Day: 30 November 2001
European Commission criticised for inability to guarantee nuclear safety standards
A controversial report on possible toxic effects from nuclear reprocessing at Sellafield and La Hague points the finger at the European Commission for failing to verify the accuracy of safety data. The political and environmental debate over nuclear reprocessing is set to continue, as the report concludes that the European Commission cannot ‘guarantee’ that standards are being met.
Canadian electricity generating company to reduce smog-causing agents by 80%
Ontario based company Ontario Power Generation (OPG) have announced plans to begin a CA$200million project to reduce its emission of smog causing agents by 80%. They plan to install four Selective Catalytic Reduction (SCR) units in their Nanticoke and Lambton coal-fired generating stations, effectively diminishing nitrogen oxide by 12,000 tonnes per year – the equivalent of taking 600,000 cars off the road.
Hawaii’s waters are more polluted than previously thought
The US Environmental Protection Agency (EPA) is now admitting that there are 30 coastal waters and 81 streams in the state of Hawaii that show evidence of impairment by pollutants such as sediment, nutrients, bacteria, and litter, increasing the organisation’s previous estimate of polluted waters by 480%.
South African Government bans plastic carrier bags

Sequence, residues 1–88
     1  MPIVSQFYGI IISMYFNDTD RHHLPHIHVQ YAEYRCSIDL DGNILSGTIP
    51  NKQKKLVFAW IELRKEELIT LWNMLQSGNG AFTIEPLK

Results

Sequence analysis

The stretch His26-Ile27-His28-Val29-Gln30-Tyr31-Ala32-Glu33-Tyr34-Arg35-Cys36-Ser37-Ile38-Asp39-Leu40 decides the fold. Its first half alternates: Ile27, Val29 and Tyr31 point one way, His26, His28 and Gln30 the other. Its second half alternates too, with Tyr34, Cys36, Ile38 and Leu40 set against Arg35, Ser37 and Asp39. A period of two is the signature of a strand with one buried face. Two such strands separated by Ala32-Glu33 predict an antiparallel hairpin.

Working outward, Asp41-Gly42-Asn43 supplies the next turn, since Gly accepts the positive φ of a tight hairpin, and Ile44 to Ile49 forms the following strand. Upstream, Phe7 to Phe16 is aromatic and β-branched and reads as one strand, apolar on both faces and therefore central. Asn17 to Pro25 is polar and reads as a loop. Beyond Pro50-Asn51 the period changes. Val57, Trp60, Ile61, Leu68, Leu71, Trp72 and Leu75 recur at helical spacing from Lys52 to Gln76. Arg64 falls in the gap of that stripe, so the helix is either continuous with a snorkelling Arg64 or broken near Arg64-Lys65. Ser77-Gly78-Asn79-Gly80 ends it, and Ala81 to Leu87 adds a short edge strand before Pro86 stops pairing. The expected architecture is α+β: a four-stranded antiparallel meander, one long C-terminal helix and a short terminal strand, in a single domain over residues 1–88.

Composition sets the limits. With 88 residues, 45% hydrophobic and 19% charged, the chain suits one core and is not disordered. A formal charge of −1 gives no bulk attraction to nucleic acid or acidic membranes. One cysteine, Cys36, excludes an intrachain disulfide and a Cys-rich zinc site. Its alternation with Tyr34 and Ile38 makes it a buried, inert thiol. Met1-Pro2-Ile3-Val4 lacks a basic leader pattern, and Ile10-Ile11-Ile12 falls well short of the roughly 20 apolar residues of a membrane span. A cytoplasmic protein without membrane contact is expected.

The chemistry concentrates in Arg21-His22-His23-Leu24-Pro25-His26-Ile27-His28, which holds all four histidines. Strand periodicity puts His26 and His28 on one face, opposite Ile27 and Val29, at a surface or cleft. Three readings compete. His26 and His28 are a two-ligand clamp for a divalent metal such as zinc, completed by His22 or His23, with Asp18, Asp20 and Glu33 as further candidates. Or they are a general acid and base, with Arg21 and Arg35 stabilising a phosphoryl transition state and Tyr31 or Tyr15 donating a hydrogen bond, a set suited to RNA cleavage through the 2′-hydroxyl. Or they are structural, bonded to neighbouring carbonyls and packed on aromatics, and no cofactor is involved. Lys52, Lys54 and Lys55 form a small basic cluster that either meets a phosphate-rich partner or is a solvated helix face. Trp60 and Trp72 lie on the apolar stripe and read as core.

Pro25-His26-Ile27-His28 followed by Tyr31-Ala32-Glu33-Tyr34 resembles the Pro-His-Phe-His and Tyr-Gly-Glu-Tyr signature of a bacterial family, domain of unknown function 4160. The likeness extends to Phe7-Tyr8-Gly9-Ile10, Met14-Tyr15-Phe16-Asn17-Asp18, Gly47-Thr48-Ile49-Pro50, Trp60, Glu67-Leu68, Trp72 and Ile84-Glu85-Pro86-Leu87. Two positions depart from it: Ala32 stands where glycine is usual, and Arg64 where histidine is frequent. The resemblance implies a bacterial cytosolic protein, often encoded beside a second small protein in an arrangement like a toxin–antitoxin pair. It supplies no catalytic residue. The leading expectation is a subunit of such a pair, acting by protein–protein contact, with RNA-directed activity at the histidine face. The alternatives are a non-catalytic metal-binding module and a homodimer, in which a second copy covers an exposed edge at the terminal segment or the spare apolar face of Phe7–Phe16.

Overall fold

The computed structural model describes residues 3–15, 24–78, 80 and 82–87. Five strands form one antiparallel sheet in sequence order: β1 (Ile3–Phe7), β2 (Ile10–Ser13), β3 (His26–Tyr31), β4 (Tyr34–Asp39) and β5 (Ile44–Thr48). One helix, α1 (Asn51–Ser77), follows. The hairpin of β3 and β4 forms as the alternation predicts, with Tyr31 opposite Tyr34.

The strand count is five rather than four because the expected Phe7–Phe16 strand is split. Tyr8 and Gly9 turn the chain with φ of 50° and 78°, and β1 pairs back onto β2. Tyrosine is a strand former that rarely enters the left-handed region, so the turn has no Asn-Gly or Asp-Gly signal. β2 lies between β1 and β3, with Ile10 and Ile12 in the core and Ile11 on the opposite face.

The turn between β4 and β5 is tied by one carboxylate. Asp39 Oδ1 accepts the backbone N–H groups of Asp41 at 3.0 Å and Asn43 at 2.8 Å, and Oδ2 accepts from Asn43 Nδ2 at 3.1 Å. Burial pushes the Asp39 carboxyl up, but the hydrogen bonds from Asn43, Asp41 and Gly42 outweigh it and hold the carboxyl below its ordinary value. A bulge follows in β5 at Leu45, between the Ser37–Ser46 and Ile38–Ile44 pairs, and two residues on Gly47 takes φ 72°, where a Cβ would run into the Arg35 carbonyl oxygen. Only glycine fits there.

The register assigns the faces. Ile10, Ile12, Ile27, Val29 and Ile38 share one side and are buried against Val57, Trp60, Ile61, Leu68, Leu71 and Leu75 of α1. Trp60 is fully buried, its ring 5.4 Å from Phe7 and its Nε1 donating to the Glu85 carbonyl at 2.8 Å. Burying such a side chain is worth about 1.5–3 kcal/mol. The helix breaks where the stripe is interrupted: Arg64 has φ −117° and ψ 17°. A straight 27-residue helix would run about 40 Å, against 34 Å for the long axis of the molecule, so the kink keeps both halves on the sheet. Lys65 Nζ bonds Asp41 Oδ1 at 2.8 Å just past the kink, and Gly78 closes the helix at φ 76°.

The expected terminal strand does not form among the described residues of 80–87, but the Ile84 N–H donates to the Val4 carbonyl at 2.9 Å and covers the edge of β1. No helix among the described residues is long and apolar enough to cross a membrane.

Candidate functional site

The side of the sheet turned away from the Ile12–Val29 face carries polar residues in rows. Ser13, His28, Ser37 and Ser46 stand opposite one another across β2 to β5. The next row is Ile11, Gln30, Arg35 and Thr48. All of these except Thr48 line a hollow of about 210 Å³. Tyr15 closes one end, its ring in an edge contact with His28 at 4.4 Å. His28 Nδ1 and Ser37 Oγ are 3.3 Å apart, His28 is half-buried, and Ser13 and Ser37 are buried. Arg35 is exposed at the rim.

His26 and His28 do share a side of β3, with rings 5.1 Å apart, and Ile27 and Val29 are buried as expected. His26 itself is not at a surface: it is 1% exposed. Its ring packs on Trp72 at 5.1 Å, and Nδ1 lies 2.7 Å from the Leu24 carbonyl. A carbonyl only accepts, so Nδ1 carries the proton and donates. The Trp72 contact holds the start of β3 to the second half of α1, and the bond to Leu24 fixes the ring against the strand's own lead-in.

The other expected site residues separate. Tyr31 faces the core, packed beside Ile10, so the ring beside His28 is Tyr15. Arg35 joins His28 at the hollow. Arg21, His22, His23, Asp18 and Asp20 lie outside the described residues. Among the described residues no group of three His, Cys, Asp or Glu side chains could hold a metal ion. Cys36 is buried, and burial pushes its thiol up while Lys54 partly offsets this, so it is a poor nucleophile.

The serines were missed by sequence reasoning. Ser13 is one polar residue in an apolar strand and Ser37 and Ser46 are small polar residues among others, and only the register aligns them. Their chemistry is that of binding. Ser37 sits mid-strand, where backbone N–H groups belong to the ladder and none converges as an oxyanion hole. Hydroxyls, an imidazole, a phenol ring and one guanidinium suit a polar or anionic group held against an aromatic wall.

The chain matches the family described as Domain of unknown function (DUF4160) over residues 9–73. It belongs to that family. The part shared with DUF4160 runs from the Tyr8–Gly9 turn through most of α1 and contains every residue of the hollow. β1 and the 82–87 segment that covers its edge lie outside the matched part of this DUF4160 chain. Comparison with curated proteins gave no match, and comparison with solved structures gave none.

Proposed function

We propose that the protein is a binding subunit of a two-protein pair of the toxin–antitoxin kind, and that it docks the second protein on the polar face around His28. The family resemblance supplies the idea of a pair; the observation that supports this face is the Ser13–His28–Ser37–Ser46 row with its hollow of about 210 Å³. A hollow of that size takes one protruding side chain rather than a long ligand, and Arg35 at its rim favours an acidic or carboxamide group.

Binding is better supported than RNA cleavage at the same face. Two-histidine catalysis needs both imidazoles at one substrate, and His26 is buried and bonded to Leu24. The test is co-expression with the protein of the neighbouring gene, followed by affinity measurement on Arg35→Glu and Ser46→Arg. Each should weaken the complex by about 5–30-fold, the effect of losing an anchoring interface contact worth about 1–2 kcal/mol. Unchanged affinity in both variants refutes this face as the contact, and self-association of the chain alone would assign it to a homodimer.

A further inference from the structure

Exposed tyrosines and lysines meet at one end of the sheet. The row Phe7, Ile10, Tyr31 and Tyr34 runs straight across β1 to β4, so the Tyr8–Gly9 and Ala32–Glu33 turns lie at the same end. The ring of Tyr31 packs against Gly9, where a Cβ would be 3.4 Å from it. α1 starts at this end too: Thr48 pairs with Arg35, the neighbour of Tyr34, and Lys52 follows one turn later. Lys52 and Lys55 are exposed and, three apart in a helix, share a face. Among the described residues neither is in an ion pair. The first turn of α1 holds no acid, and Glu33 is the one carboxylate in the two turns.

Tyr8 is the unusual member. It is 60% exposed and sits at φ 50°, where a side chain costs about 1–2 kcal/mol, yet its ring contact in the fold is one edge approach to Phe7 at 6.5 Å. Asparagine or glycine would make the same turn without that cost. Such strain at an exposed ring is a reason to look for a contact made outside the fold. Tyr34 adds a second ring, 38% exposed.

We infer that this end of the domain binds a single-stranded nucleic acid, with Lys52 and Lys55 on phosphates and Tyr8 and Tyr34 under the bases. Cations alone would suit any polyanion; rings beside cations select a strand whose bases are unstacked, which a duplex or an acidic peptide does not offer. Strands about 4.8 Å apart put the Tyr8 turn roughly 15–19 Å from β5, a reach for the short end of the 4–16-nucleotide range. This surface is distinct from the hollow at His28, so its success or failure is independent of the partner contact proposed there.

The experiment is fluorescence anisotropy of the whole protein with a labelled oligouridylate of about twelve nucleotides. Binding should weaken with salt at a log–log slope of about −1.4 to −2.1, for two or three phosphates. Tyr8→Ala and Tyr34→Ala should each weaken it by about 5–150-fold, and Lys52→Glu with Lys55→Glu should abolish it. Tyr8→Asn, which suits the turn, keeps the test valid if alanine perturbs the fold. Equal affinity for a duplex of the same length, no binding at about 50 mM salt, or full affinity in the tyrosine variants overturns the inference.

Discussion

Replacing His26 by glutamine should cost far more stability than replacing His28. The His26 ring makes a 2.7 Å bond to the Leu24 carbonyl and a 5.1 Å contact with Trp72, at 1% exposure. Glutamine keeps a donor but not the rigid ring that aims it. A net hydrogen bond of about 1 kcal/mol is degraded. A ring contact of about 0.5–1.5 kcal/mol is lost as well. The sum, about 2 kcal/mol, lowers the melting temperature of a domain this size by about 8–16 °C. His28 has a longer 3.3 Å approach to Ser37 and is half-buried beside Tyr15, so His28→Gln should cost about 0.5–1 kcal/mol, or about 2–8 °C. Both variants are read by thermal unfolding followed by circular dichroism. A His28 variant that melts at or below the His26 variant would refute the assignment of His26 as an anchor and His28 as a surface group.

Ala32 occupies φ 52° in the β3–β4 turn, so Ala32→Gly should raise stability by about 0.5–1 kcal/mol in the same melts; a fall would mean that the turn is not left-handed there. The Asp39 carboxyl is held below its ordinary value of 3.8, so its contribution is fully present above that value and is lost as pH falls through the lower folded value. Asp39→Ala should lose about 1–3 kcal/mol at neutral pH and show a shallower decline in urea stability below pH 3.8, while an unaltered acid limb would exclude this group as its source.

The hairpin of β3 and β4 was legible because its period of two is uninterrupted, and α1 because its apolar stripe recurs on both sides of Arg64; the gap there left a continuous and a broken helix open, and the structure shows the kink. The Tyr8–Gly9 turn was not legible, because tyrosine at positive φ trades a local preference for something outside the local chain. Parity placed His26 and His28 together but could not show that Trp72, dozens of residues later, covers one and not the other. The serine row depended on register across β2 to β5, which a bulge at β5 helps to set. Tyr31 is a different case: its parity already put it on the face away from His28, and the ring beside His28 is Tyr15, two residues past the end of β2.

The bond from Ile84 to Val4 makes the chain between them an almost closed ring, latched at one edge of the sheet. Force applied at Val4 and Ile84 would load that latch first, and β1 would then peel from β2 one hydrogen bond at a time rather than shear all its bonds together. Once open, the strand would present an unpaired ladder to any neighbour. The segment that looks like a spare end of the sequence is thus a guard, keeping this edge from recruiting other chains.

The South African Government is toughening up on pollution with the approval by Cabinet of two new moves – one to ban off-road vehicles on beaches and the second to prohibit the use of plastic carrier bags, and is looking into compulsory recycling of construction rubble and tyres.
European Commission may force changes to UK emission trading
The European Commission has approved the UK scheme for trading in greenhouse gases, which is due to start in February 2002. However, as the UK scheme has some significant differences to the proposed European scheme, when the latter scheme comes in to force in 2005 Europe may force the UK scheme to become compatible.
New government report reveals 75% of local authorities are failing to monitor air pollution
Ten years on from the introduction of the Local Authority Pollution Control regime, 75% of local authorities are failing to adequately inspect polluting processes, according to a new report published by the Department for Environment, Food and Rural Affairs (DEFRA).
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